lighting for collection storage, exhibits

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    • #132443
      Charlene Martin

      I noticed in an NEDCC newsletter that florescent light covered with UV filters on the fixtures or individual tubes was considered considered OK for work areas. Could it be used in storage areas, as well? I intend to have everything stored in archival/artifact boxes

      I am curious about what you all use. Also, what about LED lighting (outside of cabinets) in the exhibit area? Has anyone used them, or found a cheaper alternative?

      Thank you 🙂


    • #132452

      UV filters over fluorescent lamps will reduce UV levels to nil and are OK to use any where.  But more museums are looking to replace fluorescent lighting with LED.  If you have an option you might want to consider LED.

    • #132451

      The colors of fluorescent light are not good for viewing.  There are several lighting companies that have lines of track lighting with fixtures that can take either incandescent bulbs or LED’s.  LED’s cost more at the outset, so it’s important to try them before you buy, but you will save money in the long run, both because the energy use is so low and because the bulbs last for a very long time.  They also put out very little heat, so you save on air conditioning as well.  If you talk to the manufacturers of LED’s and tell them you will be buying a number of bulbs, they will probably send you samples to try out. There re some LED’s that can be dimmed.

    • #132450
      Charlene Martin

      I really appreciate the info about LED, and will advocate them for the exhibit areas. But my employer is questioning whether we need a sprinkler system, so by proxy I think I should go with incandscents/UV sleeves in my work and storage areas.


      If anyone has any low-cost alternatives to a sprinkler system that they recommend, I’d appreciate it. I am finding it difficult to agree to rely only on detectors and fire extinguishers.

    • #132449
      Richard Kerschner

      To my knowledge, there are no low cost sprinkler systems. Water mist suppression systems are great alternatives for museums, but they are still higher cost than conventional wet pipe systems although the cost difference is decreasing. Check out VESDA (Very Early Smoke Detection Apparatus) or a similar aspirating smoke detection system. They can detect pre-combustion gasses and warn of a danger long before a fire breaks out. They are much better than room-mounted conventional fire alarms and, although not a suppression system, a significant improvement in fire protection. Compared to a suppression system, they are significantly less expensive and less invasive to install. For advice on the best type of fire protection for your museum, check with Nick Artim of Fire Safety Network.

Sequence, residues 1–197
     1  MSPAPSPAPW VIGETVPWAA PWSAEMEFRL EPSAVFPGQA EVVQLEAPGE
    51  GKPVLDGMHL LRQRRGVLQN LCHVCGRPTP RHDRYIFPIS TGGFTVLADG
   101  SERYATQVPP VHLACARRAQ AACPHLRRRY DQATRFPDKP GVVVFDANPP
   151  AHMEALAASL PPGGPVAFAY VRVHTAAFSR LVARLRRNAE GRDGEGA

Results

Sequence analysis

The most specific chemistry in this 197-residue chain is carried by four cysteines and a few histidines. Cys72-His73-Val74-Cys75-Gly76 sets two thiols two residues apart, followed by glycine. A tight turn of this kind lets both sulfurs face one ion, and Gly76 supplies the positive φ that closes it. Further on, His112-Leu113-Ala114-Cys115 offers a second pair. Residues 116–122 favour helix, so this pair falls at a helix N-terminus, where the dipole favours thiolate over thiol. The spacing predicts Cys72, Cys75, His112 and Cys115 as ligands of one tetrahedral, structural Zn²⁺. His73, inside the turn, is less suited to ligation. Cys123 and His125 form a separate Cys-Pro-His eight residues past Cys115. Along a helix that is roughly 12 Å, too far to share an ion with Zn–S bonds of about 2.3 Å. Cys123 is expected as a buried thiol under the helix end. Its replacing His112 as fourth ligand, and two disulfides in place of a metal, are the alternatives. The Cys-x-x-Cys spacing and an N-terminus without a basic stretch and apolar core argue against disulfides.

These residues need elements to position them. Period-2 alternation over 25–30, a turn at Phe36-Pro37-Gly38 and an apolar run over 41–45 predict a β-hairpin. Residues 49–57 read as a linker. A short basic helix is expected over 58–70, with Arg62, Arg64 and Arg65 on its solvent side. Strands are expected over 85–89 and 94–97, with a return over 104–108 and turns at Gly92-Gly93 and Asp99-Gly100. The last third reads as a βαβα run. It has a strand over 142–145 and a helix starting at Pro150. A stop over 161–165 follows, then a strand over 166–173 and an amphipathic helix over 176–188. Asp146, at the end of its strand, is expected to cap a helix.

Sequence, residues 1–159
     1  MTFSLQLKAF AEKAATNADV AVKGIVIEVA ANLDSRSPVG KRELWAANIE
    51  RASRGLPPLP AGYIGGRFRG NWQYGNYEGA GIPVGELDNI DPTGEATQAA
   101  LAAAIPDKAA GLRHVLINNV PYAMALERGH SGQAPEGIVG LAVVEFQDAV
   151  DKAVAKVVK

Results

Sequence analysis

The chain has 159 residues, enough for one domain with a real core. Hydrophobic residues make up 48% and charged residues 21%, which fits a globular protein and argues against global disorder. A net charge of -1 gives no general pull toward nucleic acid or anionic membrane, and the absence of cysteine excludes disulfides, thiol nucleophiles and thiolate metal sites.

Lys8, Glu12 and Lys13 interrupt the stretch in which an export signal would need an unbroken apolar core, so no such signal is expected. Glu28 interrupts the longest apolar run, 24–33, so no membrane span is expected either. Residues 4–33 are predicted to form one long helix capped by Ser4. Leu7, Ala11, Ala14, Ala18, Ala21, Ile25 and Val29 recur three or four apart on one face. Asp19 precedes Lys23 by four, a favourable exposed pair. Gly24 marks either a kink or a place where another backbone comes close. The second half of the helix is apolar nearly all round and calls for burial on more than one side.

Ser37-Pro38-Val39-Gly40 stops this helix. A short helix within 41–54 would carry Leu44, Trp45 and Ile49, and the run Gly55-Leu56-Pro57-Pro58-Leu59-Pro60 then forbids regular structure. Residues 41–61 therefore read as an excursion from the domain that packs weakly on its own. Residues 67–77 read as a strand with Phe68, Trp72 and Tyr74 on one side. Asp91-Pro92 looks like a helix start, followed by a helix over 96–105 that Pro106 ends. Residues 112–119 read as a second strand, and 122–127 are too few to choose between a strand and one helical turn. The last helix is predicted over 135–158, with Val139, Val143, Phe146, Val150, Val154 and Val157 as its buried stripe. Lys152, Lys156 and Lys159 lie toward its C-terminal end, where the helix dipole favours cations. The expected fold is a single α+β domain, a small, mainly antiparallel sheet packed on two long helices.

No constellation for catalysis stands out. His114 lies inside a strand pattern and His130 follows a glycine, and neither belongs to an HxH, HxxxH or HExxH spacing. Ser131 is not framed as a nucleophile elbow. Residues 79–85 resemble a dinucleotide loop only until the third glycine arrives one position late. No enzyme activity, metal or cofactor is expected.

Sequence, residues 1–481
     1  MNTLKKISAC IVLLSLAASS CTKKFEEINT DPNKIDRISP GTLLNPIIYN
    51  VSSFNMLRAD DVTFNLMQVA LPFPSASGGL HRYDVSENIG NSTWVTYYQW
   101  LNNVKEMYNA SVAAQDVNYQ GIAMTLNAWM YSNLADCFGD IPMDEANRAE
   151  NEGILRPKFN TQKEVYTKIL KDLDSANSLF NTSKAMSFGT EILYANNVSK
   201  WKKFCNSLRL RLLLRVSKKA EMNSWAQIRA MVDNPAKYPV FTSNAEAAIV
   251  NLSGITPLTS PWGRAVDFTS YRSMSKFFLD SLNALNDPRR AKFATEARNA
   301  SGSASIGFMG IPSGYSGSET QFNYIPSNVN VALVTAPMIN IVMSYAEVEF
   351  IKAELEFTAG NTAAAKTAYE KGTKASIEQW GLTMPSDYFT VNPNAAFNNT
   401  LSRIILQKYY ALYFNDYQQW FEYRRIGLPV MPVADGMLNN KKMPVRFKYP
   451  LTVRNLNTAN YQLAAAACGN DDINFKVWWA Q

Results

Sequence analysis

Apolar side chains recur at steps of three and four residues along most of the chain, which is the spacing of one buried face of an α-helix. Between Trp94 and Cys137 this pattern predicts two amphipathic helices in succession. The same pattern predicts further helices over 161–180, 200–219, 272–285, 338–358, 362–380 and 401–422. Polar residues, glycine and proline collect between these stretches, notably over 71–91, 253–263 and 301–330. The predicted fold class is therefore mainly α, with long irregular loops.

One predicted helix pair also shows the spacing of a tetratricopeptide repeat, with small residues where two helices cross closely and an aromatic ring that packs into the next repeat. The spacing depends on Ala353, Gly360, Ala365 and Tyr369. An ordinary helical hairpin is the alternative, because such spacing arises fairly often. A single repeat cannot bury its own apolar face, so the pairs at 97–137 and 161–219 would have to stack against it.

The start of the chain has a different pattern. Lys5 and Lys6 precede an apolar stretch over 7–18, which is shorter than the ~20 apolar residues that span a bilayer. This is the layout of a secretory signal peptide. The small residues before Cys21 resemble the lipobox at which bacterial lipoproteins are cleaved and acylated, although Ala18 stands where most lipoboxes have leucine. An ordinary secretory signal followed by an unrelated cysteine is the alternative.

• #132448
      Les Kacev

      Incandescent lamps are being phased out because they are energy hogs. Fluorescents contain mercury, are not healthy to work under and are poor at reproducing colors. Whatever sprinkler system you settle on, I would only consider LED lighting because of its many advantages – low power consumption, longevity, low heat, practically no UV or IR [ask for spectral power diagrams to confirm this] good color rendering [if you select the correct lamps, ask for CRI from R1-R15] and ensure that the color temperature suits your application [warm is not necessarily good!]

    • #132447
      Charlene Martin

      Thank you everyone for pointing out some excellent directions for me to go in. I don’t agree with not installing a fire suppression system, but I will definitely supply my employer with information re: very early smoke detection systems (thank you Richard).

    • #132446

      I’m curious about what you wound up doing about the lights, Charlene. I am working with a storage area that has been adapted from other use and has fluorescent lights that I am trying to figure out how to apply filters to properly. I see no realistic possibility of getting different lights installed now, though that’s something that we may be able to advocate for as part of building renovations coming up in a couple of years.

    • #132445

      Many people are staying with fluorescents in storage rather than LEDs. Since storeroom lights are not on for a long time, the energy savings are not substantial. If staff work in storerooms and wants to look at collections with lighting that’s better in color, you can add a work light on the table where you work. The alternatives for UV filters are films that curl around fluorescent lamps, or inserting UV-filtering Plexiglas over the front of the whole fixture.

    • #132444
      Jane Dalley

      I’d like to suggest taking some readings to determine whether UV in fact is a problem. If the fluorescent fixtures are recessed and covered with a plastic screen, you may find there is no problem with UV levels as the screens are often manufactured with UV inhibitors.

      IF UV levels are high, are any records exposed? Material that is boxed is protected. If UV levels are high and archival records are exposed, then one option would be to install the size T5 or T8 LED lamps that can be used in conventional T5 or T8 fluorescent fixtures.

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